A note to friends who have Photoshop: I think this kitty would look mighty nice with an eyepatch and a pirate hat.
2. International Talk Like a Pirate Day is coming up on the 19th. That’s TUESDAY. Get ready here.
3. Some etymology: I’ve never liked the word “maroon,” probably because I don’t really care for the color it describes. (I don’t mind it when it refers to piratcally stranding someone on an island. Or when used in Warner Bros. cartoons: “What a maroon!”) But I looked up its origins and it’s directly from the French word for chestnut, marron. And I like chestnuts.
Although we could hear some of the Kenny Rogers concert, it was not a musical. I did see my sewing project, which took third place (that’s worth $5! And I got a ribbon!) but didn’t get a lot of pictures, as the batteries in my camera died.
However, I did see all the fancy chickens. And the rabbits. And the goats, who were my favorite. Then we saw draft horse pulls: imagine a tractor pull, but with Clydesdales. The winning team, Sam and Bill, pulled 9,500 pounds 8 feet. I guess I’ll have to add goats and draft horses to the ranch.
So my new favorite site is called Cute Overload and that’s what it will give you. This little piggy picture is from there (go to the “Farm Animals” section and be prepared for the lamb in the sweater). Can anyone tell I watched Babe last night?
In other news, Karma from Blue Moon Ranch is for sale. For $19,000. Donations, anyone? Here she is:
I went into a cooking frenzy last night and made both pasta with fresh tomato sauce and ratatouille, in the process setting a new record for dishes dirty at one time. (Bear in mind, the kitchen at I Street is the size of an average home’s hallway.) The finished ratatouille is hiding behind the almomst-finished bottle of wine.
I blame M.F.K. Fisher (also on the table) for all of this. I’ve been reading How to Cook a Wolf for the last few days, and it’s delightful. Take a paragraph like this, for example, about shrimp pate:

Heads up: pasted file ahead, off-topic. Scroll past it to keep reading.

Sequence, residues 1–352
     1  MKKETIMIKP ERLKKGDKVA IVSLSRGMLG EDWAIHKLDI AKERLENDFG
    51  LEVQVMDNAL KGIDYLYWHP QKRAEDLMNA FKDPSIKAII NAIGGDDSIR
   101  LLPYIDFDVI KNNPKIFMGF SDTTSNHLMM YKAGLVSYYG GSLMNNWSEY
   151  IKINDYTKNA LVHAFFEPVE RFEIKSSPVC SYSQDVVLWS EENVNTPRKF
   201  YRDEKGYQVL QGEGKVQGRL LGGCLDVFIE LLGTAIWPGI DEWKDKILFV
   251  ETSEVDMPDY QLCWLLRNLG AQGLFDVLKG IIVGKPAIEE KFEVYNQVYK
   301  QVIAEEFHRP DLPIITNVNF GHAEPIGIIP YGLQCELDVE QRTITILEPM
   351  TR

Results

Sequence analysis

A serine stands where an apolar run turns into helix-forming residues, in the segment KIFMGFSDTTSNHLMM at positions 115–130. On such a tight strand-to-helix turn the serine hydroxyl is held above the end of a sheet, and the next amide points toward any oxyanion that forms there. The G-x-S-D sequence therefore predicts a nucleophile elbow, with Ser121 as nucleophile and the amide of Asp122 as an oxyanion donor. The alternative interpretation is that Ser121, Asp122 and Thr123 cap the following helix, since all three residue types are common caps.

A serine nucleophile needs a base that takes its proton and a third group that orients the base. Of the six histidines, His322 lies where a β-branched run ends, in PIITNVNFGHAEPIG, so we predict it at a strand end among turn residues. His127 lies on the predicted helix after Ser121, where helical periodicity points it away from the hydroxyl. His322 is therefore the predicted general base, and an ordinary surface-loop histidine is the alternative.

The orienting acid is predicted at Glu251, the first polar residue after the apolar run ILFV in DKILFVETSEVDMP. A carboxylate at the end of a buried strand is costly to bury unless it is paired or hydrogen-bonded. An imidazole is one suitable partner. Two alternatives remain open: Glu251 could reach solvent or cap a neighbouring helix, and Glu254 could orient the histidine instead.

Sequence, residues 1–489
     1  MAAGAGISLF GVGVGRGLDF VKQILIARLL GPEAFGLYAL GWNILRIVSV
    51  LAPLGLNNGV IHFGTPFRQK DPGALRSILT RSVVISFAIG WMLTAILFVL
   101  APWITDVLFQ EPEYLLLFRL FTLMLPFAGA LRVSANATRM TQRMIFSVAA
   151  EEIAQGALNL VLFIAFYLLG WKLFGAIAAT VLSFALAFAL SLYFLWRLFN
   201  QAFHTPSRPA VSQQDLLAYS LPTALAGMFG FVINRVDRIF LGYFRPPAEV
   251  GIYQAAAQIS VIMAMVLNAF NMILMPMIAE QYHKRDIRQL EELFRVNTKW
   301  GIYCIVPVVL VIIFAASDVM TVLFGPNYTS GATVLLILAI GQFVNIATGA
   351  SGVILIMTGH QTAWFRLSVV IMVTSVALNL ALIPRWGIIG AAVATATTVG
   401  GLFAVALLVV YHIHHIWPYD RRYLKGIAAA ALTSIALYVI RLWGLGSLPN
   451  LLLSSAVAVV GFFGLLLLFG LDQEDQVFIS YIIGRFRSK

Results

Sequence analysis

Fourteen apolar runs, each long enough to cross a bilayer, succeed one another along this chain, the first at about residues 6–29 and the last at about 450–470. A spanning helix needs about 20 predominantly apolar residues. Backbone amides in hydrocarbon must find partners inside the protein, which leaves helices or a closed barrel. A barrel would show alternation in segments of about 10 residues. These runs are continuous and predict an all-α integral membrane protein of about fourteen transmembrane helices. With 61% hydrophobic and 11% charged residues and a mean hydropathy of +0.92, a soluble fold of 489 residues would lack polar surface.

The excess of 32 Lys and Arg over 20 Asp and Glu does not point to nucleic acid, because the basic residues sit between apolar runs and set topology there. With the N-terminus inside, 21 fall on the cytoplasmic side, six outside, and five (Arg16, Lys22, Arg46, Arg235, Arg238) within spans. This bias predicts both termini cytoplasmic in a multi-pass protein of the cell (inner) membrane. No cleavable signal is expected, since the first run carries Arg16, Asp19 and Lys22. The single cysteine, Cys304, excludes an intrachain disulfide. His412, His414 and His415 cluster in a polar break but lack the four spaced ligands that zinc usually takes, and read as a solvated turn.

“Such a [pate]can be kept for weeks or months, or perhaps even for years, if it contains enough spoices and alcohol, is correctly sealed into its mold with coagulated fat, and is kept reasonably cold. Given these three prime benefits, it can be produced when you will, like a mad maiden aunt, or a first edition (in Russian, naturally) of Crime and Punishment.“
Another favorite, preceding a recipe:
“It is called Date Delight, through no fault of mine.”
And here is me talking about my weekend:
I ate a lot of apples(sliced in a salad, with cheese, plain, and baked). That reminded me of the phrase “the silver apples of the moon, the golden apples of the sun,” from a poem by Yeats, which I found this morning. It’s called “The Song of the Wandering Aegnus”
I went out to the hazel wood,
Because a fire was in my head,
And cut and peeled a hazel wand,
And hooked a berry to a thread;
And when white moths were on the wing,
And moth-like stars were flickering out,
I dropped the berry in a stream
And caught a little silver trout.
When I had laid it on the floor
I went to blow the fire a-flame,
But something rustled on the floor,
And someone called me by my name:
It had become a glimmering girl
With apple blossom in her hair
Who called me by me name and ran
And faded through the brightening air.
Though I am old with wandering
Through hollow lands and hilly lands,
I will find out where she has gone,
And kiss her lips and take her hands;
And walk among long dappled grass,
And pluck till time and times are done,
The silver apples of the moon,
The golden apples of the sun.
In other news, a visit to the fair is tentatively scheduled for Wednesday. And here’s today’s Blue Moon Ranch picture: Meadow and Laurelin eating willow leaves.
1. Did I mention I will be volunteering at Blue Moon Ranch’s Open Farm Day September 30th? I will be WORKING WITH ALPCAS, folks. I just didn’t want this to get overlooked.
2. Did I mention I entered a sewing project and a knitting project in the Utah State Fair, which is now going on? I may have won a blue ribbon (worth $7), a red ribbon (worth $5) or even a grand prize trophy (worth $20!). I’ll let you know.
3. And allow me to mention my feelings about Blueprint Magazine: I thought the first issue was pretty caught up its own pretension but am a sucker for craft projects (could you tell?), so bought the second issue yesterday. They actually used the phrase, “artisanal cupcakes” in it. Now, there are many things that are called “artisanal” in this day and age (bread, cheese, whatever) but CUPCAKES SHOULD NOT ONE OF THEM. They are cake. And frosting. There are no cupckae artisans.
Enjoy the weekend!
It might be a week of fiber-bearing animal pictures: Here’s a picture of Navajo Churro sheep. (Speaking of the world of sheep, look them up sometime on Wikipedia. There are breeds from Africa to Iceland, some look like goats, and there’s even a variety called the Barbados Blackbelly Sheep, bred in–yes–Barbados.)
In other fiber news, I will be helping out at Open Barn Day at Blue Moon Ranch on September 30th. Mark your calendars!
Caprine shares the same root as “caper” (to prance about, frisk, gambol) which is Latin for, of course, goat. “Capricorn” gets in on the etymological action, too.
These are angora goat kids, from a delightful website: Crookabeck Farms. They’re a farm in the English Lake District–Beatrix Potter country–that raises exotic fiber animals, apparently.